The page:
In this particular case, Trump may be right and Powell wrong. The Fed keeps saying that the economy is "strong enough" to endure higher interest rates. Maybe so, but the fact that you are strong enough to survive hitting yourself in the head with a hammer is not a reason to do it.

    Yes, the economy is surging, thanks to the Trump tax, regulatory and other pro-business reforms. We should get 4.5 percent economic growth in 2018’s second quarter, which will be officially reported on Friday. We have the lowest unemployment rates and the fewest claims for unemployment insurance benefits since Neil Armstrong walked on the Moon. Does that mean that the American economy is "overheating?" No, because “overheating” is a false notion that somehow there is a limit to growth. Trump’s point is that there is no such thing as too much real growth, and he’s right.

    History is on Trump’s side. After the JFK tax cuts we routinely saw 6 percent growth in the 1960s, with a stable dollar and low inflation. In the 1980s, Reagan delivered quarters with 8 percent growth, even as inflation fell. As economist Arthur Laffer puts it, “when the economy produces more apples, the price of apples falls, it doesn’t rise.”

    Unfortunately, the Fed has become the last bastion of the long-since-discredited Phillips Curve theory, that low unemployment causes inflation. Too often, the Fed believes that its mission is to suppress rapid economic growth, wage gains, and capital investment before ordinary Americans can feel the benefits. In other words, the Fed regards prosperity as a disease to be attacked, not a condition to be nurtured.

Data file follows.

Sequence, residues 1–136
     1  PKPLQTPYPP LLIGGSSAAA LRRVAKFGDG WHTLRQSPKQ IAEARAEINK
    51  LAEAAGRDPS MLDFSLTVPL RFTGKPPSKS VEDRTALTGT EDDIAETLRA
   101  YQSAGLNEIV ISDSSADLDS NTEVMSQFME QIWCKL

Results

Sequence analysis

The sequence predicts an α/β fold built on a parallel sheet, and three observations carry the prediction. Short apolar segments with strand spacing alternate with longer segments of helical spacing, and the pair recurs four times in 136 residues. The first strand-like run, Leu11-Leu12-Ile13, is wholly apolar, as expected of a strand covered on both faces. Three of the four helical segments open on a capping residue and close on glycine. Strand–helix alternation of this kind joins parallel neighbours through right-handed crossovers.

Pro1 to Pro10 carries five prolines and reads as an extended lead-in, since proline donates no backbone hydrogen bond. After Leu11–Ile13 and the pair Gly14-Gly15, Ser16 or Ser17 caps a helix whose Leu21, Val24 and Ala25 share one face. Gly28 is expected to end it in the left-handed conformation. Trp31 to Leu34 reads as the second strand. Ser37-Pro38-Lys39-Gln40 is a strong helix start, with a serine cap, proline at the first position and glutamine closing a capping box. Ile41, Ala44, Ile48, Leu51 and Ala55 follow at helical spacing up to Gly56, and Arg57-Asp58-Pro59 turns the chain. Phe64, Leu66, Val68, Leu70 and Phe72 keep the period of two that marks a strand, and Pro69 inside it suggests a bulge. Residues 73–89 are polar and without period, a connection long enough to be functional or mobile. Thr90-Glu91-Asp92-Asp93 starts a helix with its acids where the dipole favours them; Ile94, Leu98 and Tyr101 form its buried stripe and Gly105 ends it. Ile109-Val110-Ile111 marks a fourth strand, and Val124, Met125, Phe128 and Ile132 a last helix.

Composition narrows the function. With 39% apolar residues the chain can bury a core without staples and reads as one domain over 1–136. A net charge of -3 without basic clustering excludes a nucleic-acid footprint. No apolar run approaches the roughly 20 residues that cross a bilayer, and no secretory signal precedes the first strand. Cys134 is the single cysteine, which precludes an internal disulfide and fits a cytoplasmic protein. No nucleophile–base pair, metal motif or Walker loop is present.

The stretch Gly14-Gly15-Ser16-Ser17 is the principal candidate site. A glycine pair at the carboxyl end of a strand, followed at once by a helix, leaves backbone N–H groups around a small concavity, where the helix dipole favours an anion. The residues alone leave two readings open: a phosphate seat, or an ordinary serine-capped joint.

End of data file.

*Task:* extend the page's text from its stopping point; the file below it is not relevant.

The Fed’s only job should be to keep the dollar stable. If the dollar is stable, consumer price index inflation will remain moderate, just as it did in the 1960s, no matter how fast the economy grows. Yes, wages are rising, finally! Wages need to rise to make up for years of flat wages under Presidents Bush and Obama. Yes, oil price have risen, but other commodity prices are flat or falling. Just look at beef, wheat, copper and gold.

    The most widely followed index of commodity prices is 34 percent lower than it was four years ago. General commodity prices are a better indicator of the real value of the dollar than the CPI, which is plagued by definitional and measurement errors. And, while the CPI has risen by a moderate 2.3 percent over the past year, it is still far below the target established by the Fed in January 2012.

    Trump’s policies have produced the best of all economic worlds — surging growth and employment, with little inflation and a rising dollar. The sports truism applies here: Never, ever change a winning strategy. Unfortunately, the Fed seems to want to do just that, to intentionally slow growth and hold back wage gains. Trump is right to defend the prosperous American economy, which his policies created.

    No one elected Jerome Powell. Washington and academia seem to treat the Fed as an Oracle of truth with a pope-like infallibility. But the Fed has been tragically wrong — the 1970s and the early 2000s come to mind — more often than it has gotten things right. If the president doesn’t have the right to criticize misguided Fed policy, who does?
    There is a cult of ignorance in the United States, and there has always been. The strain of anti-intellectualism has been a constant thread winding its way through our political and cultural life, nurtured by the false notion that democracy means that "My ignorance is just as good as your knowledge."- Isaac Asimov

  9. #909
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    What in the flying fuck? What a fucking dumbass. I can't believe people take that guy seriously. Commodity prices over the CPI, really?

    The Fed is subject to Congressional oversight, but it needs to have substantial independence to accomplish its policy objectives. It's very important to NOT beat central banks over the head so they DON'T create inflation. You don't start hitting the Fed unless they start serioulsy screwing up.